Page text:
Essay Example: Disorders of Memory and Language

Published: 2023-05-03
Essay Example: Disorders of Memory and Language
Type of paper:  Essay
Categories:  Languages Intelligence Mental disorder Essays by pagecount
Pages: 3
Wordcount: 679 words
6 min read

Disorders of Memory and Language are contributed by several factors, such as hearing loss and mental retardation. Amnesia is one type of memory impairment that refers to memory loss that includes information, facts, and experiences. Amnesia is also known as an amnesic syndrome. Its symptoms interfere with brain mechanisms resulting in memory disorders.

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People suffering from amnesia experience trouble when making new reminiscences and when learning any fresh facts. Amnesia is a memory disorder caused by damage occurring in some parts of the brain that are important for reminiscence processing (Beckers & Kindt, 2017). Amnesia can be enduring in some cases, contrasting other cases of temporary memory loss. There has never been a particular treatment for amnesia though some effective techniques such as enhancing memory psychologically and memory support. These techniques help people and families in coping with amnesia disorder.


There are various symptoms associated with amnesia disorder. Some are main, and others are minor. The main feature of amnesia symptoms includes experiencing difficulty when learning new information, and it is referred to as the amnesia onset called anterograde amnesia. Another major feature is experiencing difficulty in remembering past events and information that is familiar. This is known as retrograde amnesia. Most people suffering from amnesia disorder experience problems related to short-term memory since they are incapable to recall any fresh data. They tend to lose any recent memories. For instance, someone may recall the names of past presidents but cannot recall the name of the current president (Harrison et al., 2017). The isolated memory is not associated with any effects on a person's intelligence, attention, general knowledge, identity, awareness, and judgment. People with amnesia are capable of understanding verbal and inscribed words; therefore, they can study expertise such as piano playing and bike riding. Amnesia's symptoms are different from those of dementia. Amnesia disorder is also associated with severe patterns of forgetfulness. The additional signs and symptoms of amnesia include disorientation or confusion and false memories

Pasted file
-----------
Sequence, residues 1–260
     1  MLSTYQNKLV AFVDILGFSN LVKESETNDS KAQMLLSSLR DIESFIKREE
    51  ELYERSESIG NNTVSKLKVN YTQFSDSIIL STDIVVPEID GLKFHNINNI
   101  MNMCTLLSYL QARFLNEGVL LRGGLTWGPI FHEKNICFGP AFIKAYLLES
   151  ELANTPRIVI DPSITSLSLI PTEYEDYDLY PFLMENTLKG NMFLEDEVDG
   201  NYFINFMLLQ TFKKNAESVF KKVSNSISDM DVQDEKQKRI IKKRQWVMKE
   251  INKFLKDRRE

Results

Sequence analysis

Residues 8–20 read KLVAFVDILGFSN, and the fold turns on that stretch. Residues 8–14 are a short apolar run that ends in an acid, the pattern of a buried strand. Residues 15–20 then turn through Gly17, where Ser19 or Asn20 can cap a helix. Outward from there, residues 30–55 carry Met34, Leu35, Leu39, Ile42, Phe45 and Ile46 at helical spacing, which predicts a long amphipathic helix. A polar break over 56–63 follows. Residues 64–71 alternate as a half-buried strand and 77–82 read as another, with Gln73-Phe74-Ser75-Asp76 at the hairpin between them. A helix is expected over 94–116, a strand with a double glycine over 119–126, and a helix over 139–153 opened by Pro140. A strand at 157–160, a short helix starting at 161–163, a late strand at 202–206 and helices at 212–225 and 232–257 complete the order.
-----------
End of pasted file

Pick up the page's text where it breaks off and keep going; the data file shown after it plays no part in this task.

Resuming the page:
The Mechanisms in The Brain That Are Involved

There are several mechanisms in the brain involved in causing amnesia. For instance, psychological trauma causes dissociative amnesia disorder, which has a different effect on loss-making memory people to replay what has happened to them. In this context, people cannot forget what has previously happened to them, and it keeps on haunting them. Another mechanism that occurs in the brain that results from neurological conditions includes tumor, stroke, degenerative disease, brain infections, and anoxia, which mainly affect the brain structures implicating memory (Markowitsch et al., 2018). The use of alcohol for short can result in blackouts to an individual causing a certain syndrome known as Wernicke-Korsakoff. If a person gets to develop this condition, they find themselves having difficulty in forming any new memories. Neurological amnesia is a result of prolonged alcoholism and a temporary reduction of blood supply to the brain. Trauma makes the brain reject thoughts, information, and feelings. Tumors and strokes damage the brain, causing amnesia.

Most Common Etiology

Functional amnesia is associated with an amnesic syndrome that results in loss of memory, which includes loss of individual identity. In functional amnesia, the patients do not produce deficits intentionally in relation to conversion disorder. Self-hypnosis is a popular mechanism related to functional amnesia and conversion disorder.


Beckers, T., & Kindt, M. (2017). Memory reconsolidation interference as an emerging treatment for emotional disorders: strengths, limitations, challenges, and opportunities. Annual review of clinical psychology, 13.

Harrison, N. A., Johnston, K., Corno, F., Casey, S. J., Friedner, K., Humphreys, K., ... & Kopelman, M. D. (2017). Psychogenic amnesia: syndromes, outcome, and patterns of retrograde amnesia. Brain, 140(9), 2498-2510.

Markowitsch, H. J., Staniloiu, A., Kordon, A., & Sarlon, J. (2018). Minor brain damage and somatic complaints accompanied by excessive long-term amnesia: psychological cause? Psychological Applications and Trends, 34.

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